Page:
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Growing Cybersecurity Threats to the Energy Industrial Sectors

The world runs on energy, but many industrial energy sectors fail to recognize the potential threats that can be leveled against them. Malicious hackers and even rogue nation-states are using energy sector cyber attacks to disrupt operations, which could have lasting implications for businesses and consumers. Energy companies of all sizes need to invest in the latest cybersecurity treads to ward off these potential threats, so their customers can keep the lights on.

The Impact of Cyber Attacks on the Energy Industry

Energy companies provide essential services to large populations. They represent some of the most valuable infrastructures on the market. If an attack should occur, millions of people would be left in the dark. It could also severely disrupt the world’s energy market, leading to high prices and possible transportation delays.

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These kinds of attacks also put human lives at risk. If the population couldn’t access the power grid during a major storm or on a particularly cold night, many people could lose their lives as a result. The energy industry is also full of potential workplace hazards. A malfunctioning computer system could lead to an explosion or flash fire, putting workers at risk.

The U.S. Department of Energy and private companies are often forced to do whatever it takes to bring their systems back online, even if it means paying ransom to the hackers during a ransomware attack.

High Profile Cyber Attacks Against the Energy Industry

Let’s start with some of the most notable attacks on the energy sector, starting with Stuxnet, a computer worm that targeted the programmable logic controllers (PLCs) in the SCADA systems used in industrial and energy contexts. It exploited four flaws in the Siemens SCADA system used to force Iran’s nuclear centrifuges to spin wildly out of control while making it look like an accident. The American and Israeli intelligence communities are believed to have been behind the attack. Stuxnet likely led to the destruction of 10% of Iran’s nuclear centrifuges between November 2009 and January 2010.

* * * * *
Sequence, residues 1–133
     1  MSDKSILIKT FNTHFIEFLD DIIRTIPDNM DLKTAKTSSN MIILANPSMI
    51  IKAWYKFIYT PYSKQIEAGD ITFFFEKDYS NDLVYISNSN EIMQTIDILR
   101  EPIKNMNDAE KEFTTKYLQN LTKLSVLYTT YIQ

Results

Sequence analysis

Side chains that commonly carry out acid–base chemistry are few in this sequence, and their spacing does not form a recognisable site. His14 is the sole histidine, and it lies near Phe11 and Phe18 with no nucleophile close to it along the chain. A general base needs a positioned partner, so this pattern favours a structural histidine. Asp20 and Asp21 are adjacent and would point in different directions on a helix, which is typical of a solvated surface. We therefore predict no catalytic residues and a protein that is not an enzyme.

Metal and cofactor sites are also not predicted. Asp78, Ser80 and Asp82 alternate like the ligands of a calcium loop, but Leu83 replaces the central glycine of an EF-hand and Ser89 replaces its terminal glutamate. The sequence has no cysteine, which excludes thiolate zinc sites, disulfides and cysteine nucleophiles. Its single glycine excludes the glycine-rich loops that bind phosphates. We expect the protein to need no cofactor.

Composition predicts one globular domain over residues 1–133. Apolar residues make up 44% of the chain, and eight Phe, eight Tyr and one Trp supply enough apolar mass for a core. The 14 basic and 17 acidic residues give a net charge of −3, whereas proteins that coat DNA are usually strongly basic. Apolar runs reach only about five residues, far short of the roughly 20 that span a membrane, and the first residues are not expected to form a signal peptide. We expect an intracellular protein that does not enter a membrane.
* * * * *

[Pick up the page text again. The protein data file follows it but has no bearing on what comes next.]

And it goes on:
The Shamoon attack of 2012 targeted Saudi Aramco, which holds around 10% of the world’s oil supply. Hackers accessed and deleted data from 35,00 computers, casting the company into the dark age. The attack happened to occur during the Islamic holy month of Ramadan, when many of the company’s employees were out of the office.

Dragonfly was the work of a small hacking group that was able to infiltrate hundreds of business computers using their own form of malware. It’s believed the hackers intended to spy on control systems used across the United States and Europe. These are computer systems that are used to monitor, control, and automate processes used in industrial and manufacturing contexts.

The malware spread through phishing attacks that targeted companies based in the United States, Spain, France, Italy, Germany, Turkey, and Poland. Among its victims were energy grid operators, electricity generation firms, petroleum pipeline operators, and energy industry industrial equipment providers.

Emerging Threats Against the Energy Sector

Cyber attacks against the energy industry are becoming increasingly common as they have the potential to do the most damage. Here are some of the emerging threats facing the industry today:

Nation-State Attacks

The Stuxnet attack demonstrates how far some nations are willing to go to disrupt their enemies’ energy sector. Rogue nations are increasingly investing in these cyber threats as a way of gaining influence over the victim country. They often do the most damage while posing little to no risk to the perpetrator.


We have also seen more hackers using various forms of ransomware to trick energy companies into giving them access to the system. These attacks often spread through phishing attacks in which the hacker poses as a member of the organization or business partner.

SCADA Access as a Service (SAaaS)

Cybercrime is a business, and criminals can often make the most money by targeting critical infrastructure in the energy sector. Once they gain access to a system, they can turn around and sell this access to a third party, such as a rogue nation or terrorist group.

Supply Chain Compliance

Few energy companies have complete visibility when it comes to the supply chains of their products. Many attacks occur when third parties access company assets using unauthorized devices. The worker or client may then infect the system with malware or other viruses by mistake.

The energy sector is not immune to cybercrime. The industry needs to become more cyber resilient in the face of these emerging threats. Download the full Growing Cybersecurity Threats to the Energy Industrial Sectors report by NopSec to discover damage control strategies that can help reduce the impact of cyber attacks or prevent them altogether.

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